Florence Rag Shag parade gets lift from Great Pumpkin and a few scarecrows
Florence is known for observing the holidays in grand fashion. Come Christmas, the village puts up an elaborate light display, plans a parade and ferries Mr. and Mrs. Claus about town.
Its annual Rag Shag parade on Halloween draws children from all corners of Northampton. And this year, organizers have stepped it up a notch, with a scarecrow contest and a Halloween-themed light display. As is traditional, Rag Shag marchers will meet at Trinity Row between 5:30 and 6 p.m. to march down Main Street in full Halloween regalia on Oct. 31. The parade heads down Main to the Florence Civic Center, where there is a friendly costume contest and Halloween treats.
And costumes won’t be all that’s on display at this year’s Rag-Shag. The Florence Civic and Business Association kicks off its inaugural scarecrow contest and hoisted up a Great Pumpkin light arrangement above in the main intersection of the village center in recent days.
Scarecrows will be judged and prizes will be awarded in the categories of scariest, most gruesome, and most frightening. (Let us know if you figure out the difference between scariest and most frightening, by the way.)
Participants are invited to bring their scarecrow creations Oct. 28 from 11 a.m. to 3 p.m. to the Florence Civic Center, where they will be displayed through Halloween night.
Registration for contestants is $5. Proceeds go to benefit the Rag-Shag Parade.
Fate of community center
Anyone who has something to say about what should become of the Florence Community Center is invited to a public discussion planned for next week at the former Florence Grammar School.
The meeting will be held Oct. 29 at 5 p.m. in the auditorium of the community center at 140 Pine St. The meeting is being convened by the ad-hoc Florence Community Center re-use committee and the City Council’s Finance Committee.
The story of Marion Turner,a black, openly cross-dressing nurse, who lived in Florence village will be the focus of a presentation by the Sexual Minorities Archives planned for Nov. 11 at 7 p.m. in the Carroll Room in the Smith College Campus Center.
The event marks the second in the Stories of Our LGBTQI Ancestors series about gender non-conforming people who lived in the area well before the 1969 Stonewall Rebellion that drew widespread attention to discrimination against homosexuals.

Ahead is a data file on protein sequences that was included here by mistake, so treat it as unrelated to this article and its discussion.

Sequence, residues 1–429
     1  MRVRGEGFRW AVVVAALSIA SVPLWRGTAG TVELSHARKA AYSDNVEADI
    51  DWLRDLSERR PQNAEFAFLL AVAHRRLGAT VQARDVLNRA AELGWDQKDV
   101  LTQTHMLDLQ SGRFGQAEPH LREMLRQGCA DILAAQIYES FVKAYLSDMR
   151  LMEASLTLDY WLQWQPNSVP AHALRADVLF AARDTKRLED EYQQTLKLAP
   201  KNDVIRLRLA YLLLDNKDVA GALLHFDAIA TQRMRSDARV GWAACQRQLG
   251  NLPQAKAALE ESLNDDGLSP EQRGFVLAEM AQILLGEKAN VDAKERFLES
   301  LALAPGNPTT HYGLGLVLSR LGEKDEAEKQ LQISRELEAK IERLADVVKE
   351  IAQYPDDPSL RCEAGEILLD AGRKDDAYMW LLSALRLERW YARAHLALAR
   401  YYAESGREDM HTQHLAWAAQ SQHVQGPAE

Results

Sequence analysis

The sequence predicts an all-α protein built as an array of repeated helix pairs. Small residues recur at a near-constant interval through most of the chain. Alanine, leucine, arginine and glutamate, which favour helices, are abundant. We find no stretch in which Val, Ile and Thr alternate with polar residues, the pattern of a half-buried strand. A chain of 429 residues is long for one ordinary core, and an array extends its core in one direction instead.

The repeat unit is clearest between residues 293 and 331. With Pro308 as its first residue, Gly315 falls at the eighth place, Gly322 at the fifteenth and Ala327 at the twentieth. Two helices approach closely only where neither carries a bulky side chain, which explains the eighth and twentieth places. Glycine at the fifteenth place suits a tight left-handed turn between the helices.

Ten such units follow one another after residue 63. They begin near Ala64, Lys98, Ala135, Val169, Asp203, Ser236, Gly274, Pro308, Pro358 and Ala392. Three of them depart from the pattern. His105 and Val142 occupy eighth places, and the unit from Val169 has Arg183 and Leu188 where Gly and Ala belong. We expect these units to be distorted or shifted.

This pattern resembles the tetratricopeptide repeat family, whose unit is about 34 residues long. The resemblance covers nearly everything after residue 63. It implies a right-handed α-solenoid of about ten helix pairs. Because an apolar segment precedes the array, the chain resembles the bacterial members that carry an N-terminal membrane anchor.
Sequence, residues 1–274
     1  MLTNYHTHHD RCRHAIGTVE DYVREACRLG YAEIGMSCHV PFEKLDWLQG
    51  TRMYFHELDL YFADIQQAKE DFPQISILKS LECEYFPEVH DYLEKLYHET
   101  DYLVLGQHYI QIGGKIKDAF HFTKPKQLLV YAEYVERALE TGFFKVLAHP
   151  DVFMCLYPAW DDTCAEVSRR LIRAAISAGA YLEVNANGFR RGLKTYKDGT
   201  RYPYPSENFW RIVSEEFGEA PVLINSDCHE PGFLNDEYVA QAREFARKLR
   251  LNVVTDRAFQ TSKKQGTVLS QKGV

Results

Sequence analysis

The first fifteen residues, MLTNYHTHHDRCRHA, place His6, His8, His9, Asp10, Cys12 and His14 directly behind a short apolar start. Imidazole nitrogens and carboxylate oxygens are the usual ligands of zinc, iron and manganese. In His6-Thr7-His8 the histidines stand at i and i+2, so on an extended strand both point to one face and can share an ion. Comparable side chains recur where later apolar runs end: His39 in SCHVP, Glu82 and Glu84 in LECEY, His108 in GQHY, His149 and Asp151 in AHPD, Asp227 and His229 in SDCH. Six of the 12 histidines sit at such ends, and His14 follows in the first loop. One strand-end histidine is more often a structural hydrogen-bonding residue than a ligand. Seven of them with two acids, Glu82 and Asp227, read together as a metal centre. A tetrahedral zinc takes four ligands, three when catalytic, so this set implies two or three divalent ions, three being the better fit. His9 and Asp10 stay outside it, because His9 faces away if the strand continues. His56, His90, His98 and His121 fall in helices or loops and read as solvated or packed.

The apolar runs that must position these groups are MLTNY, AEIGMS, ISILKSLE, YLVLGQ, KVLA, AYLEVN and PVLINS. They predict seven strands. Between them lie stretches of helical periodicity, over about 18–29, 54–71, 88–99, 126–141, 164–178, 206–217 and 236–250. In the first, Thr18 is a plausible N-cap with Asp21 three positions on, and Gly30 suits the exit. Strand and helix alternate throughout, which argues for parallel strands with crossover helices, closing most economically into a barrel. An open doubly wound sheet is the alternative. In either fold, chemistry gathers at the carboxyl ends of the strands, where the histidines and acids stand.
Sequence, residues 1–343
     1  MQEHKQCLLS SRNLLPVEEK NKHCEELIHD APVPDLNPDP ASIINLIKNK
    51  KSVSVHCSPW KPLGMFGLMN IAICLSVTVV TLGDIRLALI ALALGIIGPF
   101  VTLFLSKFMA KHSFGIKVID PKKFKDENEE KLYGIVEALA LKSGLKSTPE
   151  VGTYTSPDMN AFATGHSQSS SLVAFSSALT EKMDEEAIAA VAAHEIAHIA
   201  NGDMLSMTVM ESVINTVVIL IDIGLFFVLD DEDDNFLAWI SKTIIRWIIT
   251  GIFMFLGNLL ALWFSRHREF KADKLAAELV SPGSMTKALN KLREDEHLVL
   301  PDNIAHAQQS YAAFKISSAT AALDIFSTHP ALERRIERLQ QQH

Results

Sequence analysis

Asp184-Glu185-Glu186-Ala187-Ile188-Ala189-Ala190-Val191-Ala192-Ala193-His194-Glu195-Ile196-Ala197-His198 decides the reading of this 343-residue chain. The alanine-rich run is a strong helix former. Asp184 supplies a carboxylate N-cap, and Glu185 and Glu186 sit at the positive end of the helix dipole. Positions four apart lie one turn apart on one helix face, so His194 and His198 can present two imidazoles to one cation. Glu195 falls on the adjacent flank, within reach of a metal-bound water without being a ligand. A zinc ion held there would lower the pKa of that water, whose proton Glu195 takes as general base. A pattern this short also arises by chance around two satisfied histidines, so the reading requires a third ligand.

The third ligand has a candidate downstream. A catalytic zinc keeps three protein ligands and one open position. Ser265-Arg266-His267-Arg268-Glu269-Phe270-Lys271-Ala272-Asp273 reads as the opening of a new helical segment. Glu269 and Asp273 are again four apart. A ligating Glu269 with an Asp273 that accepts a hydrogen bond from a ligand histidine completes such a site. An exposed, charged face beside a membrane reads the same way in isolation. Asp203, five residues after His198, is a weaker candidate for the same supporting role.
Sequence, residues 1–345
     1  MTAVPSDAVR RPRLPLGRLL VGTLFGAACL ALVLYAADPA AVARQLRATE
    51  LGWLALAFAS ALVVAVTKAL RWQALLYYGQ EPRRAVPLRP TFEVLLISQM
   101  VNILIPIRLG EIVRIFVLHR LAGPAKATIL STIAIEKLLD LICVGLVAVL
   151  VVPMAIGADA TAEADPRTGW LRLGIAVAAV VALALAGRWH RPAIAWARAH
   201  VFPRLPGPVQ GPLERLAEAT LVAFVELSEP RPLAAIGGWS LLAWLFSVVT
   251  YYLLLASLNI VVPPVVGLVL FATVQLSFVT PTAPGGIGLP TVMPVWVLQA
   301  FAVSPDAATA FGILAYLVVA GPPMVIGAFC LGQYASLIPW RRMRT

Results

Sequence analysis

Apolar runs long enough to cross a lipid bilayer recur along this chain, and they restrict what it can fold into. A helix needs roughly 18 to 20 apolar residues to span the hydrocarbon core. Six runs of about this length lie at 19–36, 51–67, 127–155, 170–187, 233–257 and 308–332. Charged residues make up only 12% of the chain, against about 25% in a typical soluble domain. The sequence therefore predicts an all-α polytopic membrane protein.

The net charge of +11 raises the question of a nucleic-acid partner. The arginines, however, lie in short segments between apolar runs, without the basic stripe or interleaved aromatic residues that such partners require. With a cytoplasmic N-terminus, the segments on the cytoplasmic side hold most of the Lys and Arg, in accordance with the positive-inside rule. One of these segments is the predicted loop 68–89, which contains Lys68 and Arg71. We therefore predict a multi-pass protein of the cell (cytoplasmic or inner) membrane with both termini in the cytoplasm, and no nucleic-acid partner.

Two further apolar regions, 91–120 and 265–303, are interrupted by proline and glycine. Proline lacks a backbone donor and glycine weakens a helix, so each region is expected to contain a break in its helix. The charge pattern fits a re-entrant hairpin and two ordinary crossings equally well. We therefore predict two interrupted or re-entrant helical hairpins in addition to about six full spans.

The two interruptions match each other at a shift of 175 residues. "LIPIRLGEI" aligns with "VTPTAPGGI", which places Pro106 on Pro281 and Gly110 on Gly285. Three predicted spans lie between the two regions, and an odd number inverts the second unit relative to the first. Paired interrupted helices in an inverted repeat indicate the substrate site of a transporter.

Sexual Minorities Educational Foundation Executive Director Bet Power said the information that’s been uncovered by the foundation’s research over the years is a source of encouragement for LGBTQI youth who may be unaware of their community’s history.
“We have a past, we have a history,” Power said. “There have always been people like us.”
Power said that there have been anecdotal and oral histories of Turner and other LGBTQI pioneers that have told and retold in the area for decades, Power said, but the foundation is working to research and collect those stories through archival research and create a permanent collection, possibly for eventual publication.
The lectures are based on research conduced by interns and board members of the through local libraries, historical societies, municipal records, and through back issues of area newspapers, according to Power.
The presentation is cosponsored by the Smith College group Queers and Allies, and will be given by Bet Power, SMEF’s executive director, and Smith College senior Ollie Schwartz.
For more information email firstname.lastname@example.org or call 413-584-7616.
Anyone wanting to find a new piece of something old, or may be curious what treasures they already have, are invited to the Smith Vocational and Agricultural High School Oct. 28.
The Pioneer Valley Antiques Dealers Association is holding its annual antiques show at the school from 10 a.m. to 4 p.m. The show will benefit the vocational school’s scholarship fund.
Close to 30 dealers from throughout New England will offer a variety of antiques and a pair of appraisers will be on hand as well.
Douglas Kimball, of Kimball Auction and Estate Services will appraise antiques from 10 a.m. to 1 p.m., and precious metals and jewelry will be appraised by Mark Kendall from 10 a.m. to 2 p.m.
The entry fee for the show is $5, children 12 and under will be admitted free.
For more information, call Jerry Fredette at 413-268-7324.